The man who built a Rover 75 Coupe


The man who built a Rover 75 Coupe

To you, me and Lloyd, this is a Rover 75 coupé. To the DVLA, it’s a Lloyd Viking 75C, as its creator has christened it.

What if MG Rover had put its 75 Coupé concept into production? Gerry Lloyd was so intrigued that he built one in his garage, and we’ve driven it

I have just driven Rover’s latest model. It’s the handsome production version of a concept the company revealed in 2004, finely executed from its flush-fit windscreens to its frameless door glass and bespoke alloy wheels.

A premium model, like the car it’s derived from, this handsome two-door is classy enough that many might reckon it to be a mini-Bentley GT. Only rarer.

So rare, in fact, that there will likely be no more than one example of a car not developed at Rover’s last home of Longbridge but in a tiny village in south-western Wales, near Haverfordwest. Its birthplace is a slightly larger than average domestic garage, in fact, its conception occurring in the head of one Gerry Lloyd, who is a retired builder.

Despite Lloyd being more familiar with bricklaying, roofing, carpentry and the laying of concrete, this is not his first foray into the world of one-off cars. His bespoke Rover operation has previously produced a 75 with two front ends and a 75 pick-up whose chrome, grille included, has been replaced with hand-carved wood substitutes. Odd, but undeniably interesting.

But while the wood-garnished pick-up and the Hydra-headed 75 range from the mildly eccentric to the entertainingly mad, the 75 coupé is on another plane in terms of realisation, its functional detailing better than you’ll find on some concept cars. So is Lampeter Velfrey the site of a crack team of vehicle engineers? Kind of, except that the team consists of one man: Lloyd has engineered and constructed every element of this modified 75, using a mixture of carefully selected off-the- breaker’s-yard-shelf components, parts he’s fabricated himself and unf lagging determination.

Lloyd is not an automotive engineer, in the conventional sense at least, his career having been in building, quite often of house extensions in the Oxford area. After he retired 20 years ago, he built his own house, the hardest part of which, he says, “was clearing out the cement mixer at the end of the day when I really wanted a beer”.

But house building was nothing compared to constructing this coupé. Why a 75? “When I built the double-ender, I wanted the cheapest car I could get,” he says, in case his experimenting didn’t work. If he ended up with a pile of scrap, the loss wouldn’t be great. Lloyd admits to knowing little about 75s before picking up his first but he gradually discovered what well-built, finely engineered cars they are. That led to his joining the Rover 75 and MG ZT club and coming across a ‘what if’ thread on the 75 Coupé concept MG Rover developed shortly before it went bust. Thus was born his project.

Although Rover-badged, right down to the wheel centres and the ‘Coupé’ boot badge from an old P5B, the guts of this car came from a ZT 190. As if he hadn’t given himself enough work already, the job started with transferring the V6 mechanicals, suspension included, into a 75 that had started life as a 1.8T before the angle-grinder attack began. But first came the search for the roof, rear side windows and rear screen of a coupé that might work. “I selected the best-looking rear three-quarter view and then fabricated the body to make it fit,” says Lloyd of a task that would defeat plenty of steelsmiths.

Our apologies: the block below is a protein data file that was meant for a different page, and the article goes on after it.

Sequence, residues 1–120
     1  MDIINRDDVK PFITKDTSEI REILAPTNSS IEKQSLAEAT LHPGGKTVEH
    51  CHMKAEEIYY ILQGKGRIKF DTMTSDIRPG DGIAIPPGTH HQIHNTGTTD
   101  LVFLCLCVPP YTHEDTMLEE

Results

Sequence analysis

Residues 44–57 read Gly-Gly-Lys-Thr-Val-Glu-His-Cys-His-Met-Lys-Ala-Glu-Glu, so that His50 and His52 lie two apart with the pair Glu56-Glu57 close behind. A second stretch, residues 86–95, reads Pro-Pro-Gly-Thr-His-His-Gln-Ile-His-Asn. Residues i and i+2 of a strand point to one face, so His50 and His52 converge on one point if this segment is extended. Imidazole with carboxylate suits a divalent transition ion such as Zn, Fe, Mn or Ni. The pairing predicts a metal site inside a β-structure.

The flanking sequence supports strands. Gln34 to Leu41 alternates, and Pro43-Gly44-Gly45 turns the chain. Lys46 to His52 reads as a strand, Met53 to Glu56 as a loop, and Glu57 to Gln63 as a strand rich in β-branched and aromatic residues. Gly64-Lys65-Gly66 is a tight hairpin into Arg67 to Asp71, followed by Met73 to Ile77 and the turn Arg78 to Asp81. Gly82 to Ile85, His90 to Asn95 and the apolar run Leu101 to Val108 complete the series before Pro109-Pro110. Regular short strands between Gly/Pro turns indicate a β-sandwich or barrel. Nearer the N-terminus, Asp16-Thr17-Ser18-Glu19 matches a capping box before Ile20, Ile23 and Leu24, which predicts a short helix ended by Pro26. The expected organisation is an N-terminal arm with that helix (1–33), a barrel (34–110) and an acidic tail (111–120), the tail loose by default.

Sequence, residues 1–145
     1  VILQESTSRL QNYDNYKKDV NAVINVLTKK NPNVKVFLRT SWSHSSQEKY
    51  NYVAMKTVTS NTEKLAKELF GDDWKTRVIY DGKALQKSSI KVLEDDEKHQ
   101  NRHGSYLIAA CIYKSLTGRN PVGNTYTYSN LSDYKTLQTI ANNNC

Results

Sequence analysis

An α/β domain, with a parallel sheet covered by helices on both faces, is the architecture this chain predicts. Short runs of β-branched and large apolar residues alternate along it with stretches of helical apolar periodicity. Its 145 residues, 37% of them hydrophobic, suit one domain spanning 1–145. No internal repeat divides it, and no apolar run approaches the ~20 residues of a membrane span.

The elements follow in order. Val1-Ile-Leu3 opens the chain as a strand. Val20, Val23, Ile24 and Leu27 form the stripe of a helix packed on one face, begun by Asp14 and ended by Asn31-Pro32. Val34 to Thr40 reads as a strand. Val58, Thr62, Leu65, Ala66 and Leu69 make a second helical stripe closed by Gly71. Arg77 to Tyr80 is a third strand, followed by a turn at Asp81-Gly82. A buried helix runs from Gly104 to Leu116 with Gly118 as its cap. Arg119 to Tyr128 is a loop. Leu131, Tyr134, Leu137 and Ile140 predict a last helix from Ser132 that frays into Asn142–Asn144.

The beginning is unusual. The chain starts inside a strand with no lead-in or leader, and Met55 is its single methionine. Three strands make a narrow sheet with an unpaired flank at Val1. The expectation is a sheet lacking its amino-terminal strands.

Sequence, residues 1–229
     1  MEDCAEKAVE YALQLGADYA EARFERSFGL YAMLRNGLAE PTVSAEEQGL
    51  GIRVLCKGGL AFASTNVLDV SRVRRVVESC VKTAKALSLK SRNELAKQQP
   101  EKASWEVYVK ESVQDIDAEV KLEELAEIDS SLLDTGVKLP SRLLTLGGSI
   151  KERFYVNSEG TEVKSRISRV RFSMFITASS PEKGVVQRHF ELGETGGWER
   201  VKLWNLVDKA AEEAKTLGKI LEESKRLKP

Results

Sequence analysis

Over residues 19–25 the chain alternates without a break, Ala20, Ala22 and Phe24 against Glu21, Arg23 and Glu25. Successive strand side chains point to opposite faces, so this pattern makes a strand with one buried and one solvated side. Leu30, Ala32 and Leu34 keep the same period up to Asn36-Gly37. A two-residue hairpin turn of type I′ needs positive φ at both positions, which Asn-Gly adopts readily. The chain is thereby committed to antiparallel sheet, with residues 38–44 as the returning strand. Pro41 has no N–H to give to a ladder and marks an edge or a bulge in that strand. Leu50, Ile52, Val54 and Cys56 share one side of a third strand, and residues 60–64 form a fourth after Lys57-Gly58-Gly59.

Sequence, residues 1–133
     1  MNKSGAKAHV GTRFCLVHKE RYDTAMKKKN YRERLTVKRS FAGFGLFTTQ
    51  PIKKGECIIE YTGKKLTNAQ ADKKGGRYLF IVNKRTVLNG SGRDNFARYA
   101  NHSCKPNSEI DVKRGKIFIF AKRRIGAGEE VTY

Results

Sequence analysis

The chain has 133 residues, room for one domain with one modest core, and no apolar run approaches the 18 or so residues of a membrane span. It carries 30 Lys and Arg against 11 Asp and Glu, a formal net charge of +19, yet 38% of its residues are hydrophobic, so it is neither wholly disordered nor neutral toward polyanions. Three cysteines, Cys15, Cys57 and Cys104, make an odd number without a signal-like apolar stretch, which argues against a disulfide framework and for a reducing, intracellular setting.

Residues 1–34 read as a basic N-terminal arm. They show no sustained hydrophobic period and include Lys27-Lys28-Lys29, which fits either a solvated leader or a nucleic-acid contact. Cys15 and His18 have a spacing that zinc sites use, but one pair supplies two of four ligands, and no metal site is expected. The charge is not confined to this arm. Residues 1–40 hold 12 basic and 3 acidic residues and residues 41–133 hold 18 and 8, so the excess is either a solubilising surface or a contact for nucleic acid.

Ironically, given BMW’s one-time ownership of Rover, a 3 Series Coupé was the source. That “the Rover roof is three inches wider than a 3 Series” was just one of dozens of challenges facing Lloyd, from shifting the B-pillars rearwards, to butting the 75’s bootlid to the base of a BMW rear screen, to adapting a headlining to fit – “the hardest part” – to getting Rover ECUs to talk to the BMW variety in the coupé’s reskinned 4 Series doors and to laboriously reshaping the lower A-pillars to eliminate wind noise.

The impressive red leather interior is also from a 4 Series, Lloyd sourcing a wood veneer vinyl from the US to match door garnish to Rover’ walnut dashboard. The attention to detail is impressive. So is driving the car itself, the beefier dynamism of a ZT suiting this muscularly elegant Rover, which proves sportily refined and, indeed, wind-noise free. It makes the reasons for the stillbirth of the MG Rover version all the sadder. But at least a few us will get to see what physically might have been. The 2500 hours Lloyd worked – “seven days a week for 18 months” – building this one- off will ensure that there will only be one. But with astonishing results for a man working in a shed.

Unlikely coupes:

1971 MORRIS MARINA – Not just a two-door Marina, but a budget coupé, too, boasted British Leyland. So budget that it didn’t bother lengthening the doors, or sharpening its dire chassis.

1977 VOLVO 262C – Improbably inspired by the vinyl-roof-clad Lincoln Continental Mark IV, Volvo had Bertone build this oddball, low-roof two-door.

2012 MINI COUPE – We’re admirers of former Mini design chief Gert Hildebrandt’s work, but not this weird be-helmeted device. Mercifully short-lived.

Read more

MG ZT 260 review

Cropley on cars: the lasting effects of the BMW-Rover deal

Rover: the lost empire

…read more

Source:: Autocar